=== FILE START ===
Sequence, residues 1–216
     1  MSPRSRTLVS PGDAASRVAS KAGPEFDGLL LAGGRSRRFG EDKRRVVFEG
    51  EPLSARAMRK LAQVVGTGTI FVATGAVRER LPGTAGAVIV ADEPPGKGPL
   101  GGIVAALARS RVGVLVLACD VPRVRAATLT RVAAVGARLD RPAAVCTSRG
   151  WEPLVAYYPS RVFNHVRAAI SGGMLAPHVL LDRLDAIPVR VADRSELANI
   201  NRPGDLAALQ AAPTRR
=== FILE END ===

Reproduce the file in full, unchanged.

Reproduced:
Sequence, residues 1–216
     1  MSPRSRTLVS PGDAASRVAS KAGPEFDGLL LAGGRSRRFG EDKRRVVFEG
    51  EPLSARAMRK LAQVVGTGTI FVATGAVRER LPGTAGAVIV ADEPPGKGPL
   101  GGIVAALARS RVGVLVLACD VPRVRAATLT RVAAVGARLD RPAAVCTSRG
   151  WEPLVAYYPS RVFNHVRAAI SGGMLAPHVL LDRLDAIPVR VADRSELANI
   201  NRPGDLAALQ AAPTRR